<img src="http://media.ycharts.com/charts/a2971b242f7867266251c7269476df2b.png" />

USO data by YCharts

 

In July, American Airlines identified five carriers that it wished to consider as a merger partner.  Other than Delta Air Lines hiring the financial firm of Blackstone as an advisor and British Airways recently reportedly signing a non-disclosure agreement, there has been little interest displayed other than that from US Airways.  Having to file for bankruptcy certainly proved that no party wanted to buy American Airlines as its share price was falling, too.  That obviously raises questions about the value of American Airlines; and what it would add to any other group.  About this, Laura Glading, president of the Association of Professional Flight Attendants, stated that, "American needs to merge.  We think American is going to be in jeopardy if it manages to emerge (from bankruptcy) as a standalone." 

While a US Airways-American merger will certainly consolidate the industry, it is difficult to see how two companies that cannot survive on their own and have three bankruptcies between them will endure and evolve to be a profitable entity.  More than 200 previous bankruptcies and over 50 mergers certainly resulted in consolidation in the industry but obviously did not help US Airways or American Airlines: why now?  Yes, ticket prices have risen.  In response, airline passenger traffic has also fallen...welcome to the invisible hand of Mr. Market.  As Benjamin Graham stated, "The market is there to serve you, not guide you!"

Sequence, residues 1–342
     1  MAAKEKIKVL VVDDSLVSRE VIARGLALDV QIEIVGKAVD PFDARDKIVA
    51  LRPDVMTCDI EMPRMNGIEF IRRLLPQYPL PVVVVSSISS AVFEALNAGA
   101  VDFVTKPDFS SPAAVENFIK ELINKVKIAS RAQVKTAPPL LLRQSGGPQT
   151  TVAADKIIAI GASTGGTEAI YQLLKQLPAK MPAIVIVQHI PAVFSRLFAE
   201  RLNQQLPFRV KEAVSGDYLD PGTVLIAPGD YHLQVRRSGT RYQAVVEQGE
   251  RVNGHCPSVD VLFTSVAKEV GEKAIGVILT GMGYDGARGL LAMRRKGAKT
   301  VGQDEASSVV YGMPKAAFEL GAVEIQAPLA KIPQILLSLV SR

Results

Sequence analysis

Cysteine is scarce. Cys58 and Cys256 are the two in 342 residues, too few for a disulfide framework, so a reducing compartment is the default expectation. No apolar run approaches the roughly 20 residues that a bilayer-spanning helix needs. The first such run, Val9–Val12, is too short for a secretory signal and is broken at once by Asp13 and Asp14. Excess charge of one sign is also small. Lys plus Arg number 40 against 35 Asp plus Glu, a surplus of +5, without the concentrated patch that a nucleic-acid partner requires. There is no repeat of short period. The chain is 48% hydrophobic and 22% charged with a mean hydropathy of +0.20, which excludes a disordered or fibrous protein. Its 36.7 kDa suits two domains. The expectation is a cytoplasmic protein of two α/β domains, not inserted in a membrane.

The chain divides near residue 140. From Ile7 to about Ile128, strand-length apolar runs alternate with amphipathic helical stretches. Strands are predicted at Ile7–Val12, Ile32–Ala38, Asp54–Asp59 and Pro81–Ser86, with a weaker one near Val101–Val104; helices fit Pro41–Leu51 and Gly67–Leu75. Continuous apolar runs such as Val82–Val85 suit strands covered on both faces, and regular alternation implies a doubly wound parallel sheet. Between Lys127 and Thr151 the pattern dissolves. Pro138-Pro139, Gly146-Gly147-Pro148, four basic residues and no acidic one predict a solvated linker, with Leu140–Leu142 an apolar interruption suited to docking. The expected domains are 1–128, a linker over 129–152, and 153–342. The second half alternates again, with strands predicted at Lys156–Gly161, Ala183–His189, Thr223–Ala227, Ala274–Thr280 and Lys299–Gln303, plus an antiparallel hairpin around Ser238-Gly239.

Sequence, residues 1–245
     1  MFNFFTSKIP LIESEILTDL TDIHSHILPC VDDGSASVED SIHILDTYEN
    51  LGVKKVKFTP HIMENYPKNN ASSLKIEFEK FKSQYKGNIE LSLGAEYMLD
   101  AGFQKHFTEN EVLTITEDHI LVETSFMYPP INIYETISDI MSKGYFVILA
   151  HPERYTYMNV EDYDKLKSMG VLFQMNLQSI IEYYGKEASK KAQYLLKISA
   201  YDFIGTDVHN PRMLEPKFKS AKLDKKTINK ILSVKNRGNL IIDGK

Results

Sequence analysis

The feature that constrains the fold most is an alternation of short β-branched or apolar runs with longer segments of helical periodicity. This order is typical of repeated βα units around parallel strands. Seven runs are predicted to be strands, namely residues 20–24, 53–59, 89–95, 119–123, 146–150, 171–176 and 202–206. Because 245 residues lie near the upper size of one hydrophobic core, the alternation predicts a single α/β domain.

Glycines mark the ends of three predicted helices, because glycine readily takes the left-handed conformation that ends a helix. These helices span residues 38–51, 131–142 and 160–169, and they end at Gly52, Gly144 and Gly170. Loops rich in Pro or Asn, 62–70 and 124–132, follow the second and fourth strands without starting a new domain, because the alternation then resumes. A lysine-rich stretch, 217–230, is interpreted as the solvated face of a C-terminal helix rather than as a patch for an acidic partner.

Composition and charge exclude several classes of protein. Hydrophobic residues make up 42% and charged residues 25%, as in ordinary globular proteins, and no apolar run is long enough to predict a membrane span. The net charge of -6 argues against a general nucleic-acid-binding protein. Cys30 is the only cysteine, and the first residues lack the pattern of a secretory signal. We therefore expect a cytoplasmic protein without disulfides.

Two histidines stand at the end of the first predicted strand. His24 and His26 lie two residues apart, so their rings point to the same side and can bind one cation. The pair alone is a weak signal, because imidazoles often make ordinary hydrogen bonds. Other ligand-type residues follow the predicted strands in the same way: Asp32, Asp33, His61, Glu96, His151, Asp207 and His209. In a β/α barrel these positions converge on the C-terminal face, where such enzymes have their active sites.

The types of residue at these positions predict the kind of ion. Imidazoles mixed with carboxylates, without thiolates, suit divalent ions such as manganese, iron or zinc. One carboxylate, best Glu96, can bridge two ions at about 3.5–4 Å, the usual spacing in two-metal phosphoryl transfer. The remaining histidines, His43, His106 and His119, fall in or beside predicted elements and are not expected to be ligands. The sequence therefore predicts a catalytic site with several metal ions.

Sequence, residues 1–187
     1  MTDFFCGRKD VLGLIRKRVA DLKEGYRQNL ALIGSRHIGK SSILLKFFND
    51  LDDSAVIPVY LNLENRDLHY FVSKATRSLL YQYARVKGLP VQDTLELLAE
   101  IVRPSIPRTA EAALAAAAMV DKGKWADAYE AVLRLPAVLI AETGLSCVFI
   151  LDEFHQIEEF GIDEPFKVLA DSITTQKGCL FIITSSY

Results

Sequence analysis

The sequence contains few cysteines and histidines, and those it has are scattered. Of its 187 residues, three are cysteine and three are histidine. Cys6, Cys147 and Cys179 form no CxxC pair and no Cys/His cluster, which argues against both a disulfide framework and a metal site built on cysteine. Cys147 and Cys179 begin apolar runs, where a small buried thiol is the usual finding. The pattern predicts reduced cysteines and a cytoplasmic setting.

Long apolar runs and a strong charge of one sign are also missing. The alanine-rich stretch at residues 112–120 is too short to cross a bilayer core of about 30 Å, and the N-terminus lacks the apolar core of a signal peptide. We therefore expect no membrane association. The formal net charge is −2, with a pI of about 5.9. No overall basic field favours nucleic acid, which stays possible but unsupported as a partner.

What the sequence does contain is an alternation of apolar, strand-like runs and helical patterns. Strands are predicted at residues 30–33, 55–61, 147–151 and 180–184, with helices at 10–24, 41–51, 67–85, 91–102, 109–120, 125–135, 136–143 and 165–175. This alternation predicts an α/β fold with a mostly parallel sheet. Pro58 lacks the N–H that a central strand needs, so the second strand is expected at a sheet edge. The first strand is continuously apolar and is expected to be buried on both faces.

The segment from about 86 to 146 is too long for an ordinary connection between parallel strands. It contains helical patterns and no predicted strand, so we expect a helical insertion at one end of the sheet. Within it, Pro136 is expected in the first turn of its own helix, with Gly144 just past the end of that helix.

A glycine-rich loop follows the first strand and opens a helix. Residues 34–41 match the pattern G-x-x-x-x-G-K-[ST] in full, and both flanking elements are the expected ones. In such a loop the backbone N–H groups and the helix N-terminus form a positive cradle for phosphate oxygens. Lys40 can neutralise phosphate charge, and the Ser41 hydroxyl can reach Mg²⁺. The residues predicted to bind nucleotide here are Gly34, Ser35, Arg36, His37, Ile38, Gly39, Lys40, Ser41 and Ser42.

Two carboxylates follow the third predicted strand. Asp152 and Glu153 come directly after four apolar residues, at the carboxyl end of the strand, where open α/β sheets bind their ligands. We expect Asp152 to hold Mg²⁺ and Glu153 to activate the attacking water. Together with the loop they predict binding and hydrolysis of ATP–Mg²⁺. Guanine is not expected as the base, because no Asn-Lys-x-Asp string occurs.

In 1989, then-USAir merged with Piedmont Airlines.  At that time, it was the largest airline merger in history.  Needless to say, it was touted as being a positive move, much like the proposed American Airlines transaction is today.  Since that time, US Airways has filed for bankruptcy twice.  According to its CEO, it cannot hope to survive without merging with American Airlines.  With passenger traffic falling and oil prices rising, it is difficult to see how a transaction that would result in a high debt airline will be beneficial in the long term for anyone other than the investment bankers and lawyers being paid outrageous fees for working on the deal.


 

Fool blogger Jonathan Yates does not own any of the stocks mentioned in this article. The Motley Fool has no positions in the stocks mentioned above. Try any of our Foolish newsletter services free for 30 days. We Fools may not all hold the same opinions, but we all believe that considering a diverse range of insights makes us better investors. The Motley Fool has a disclosure policy.If you have questions about this post or the Fool’s blog network, click here for information.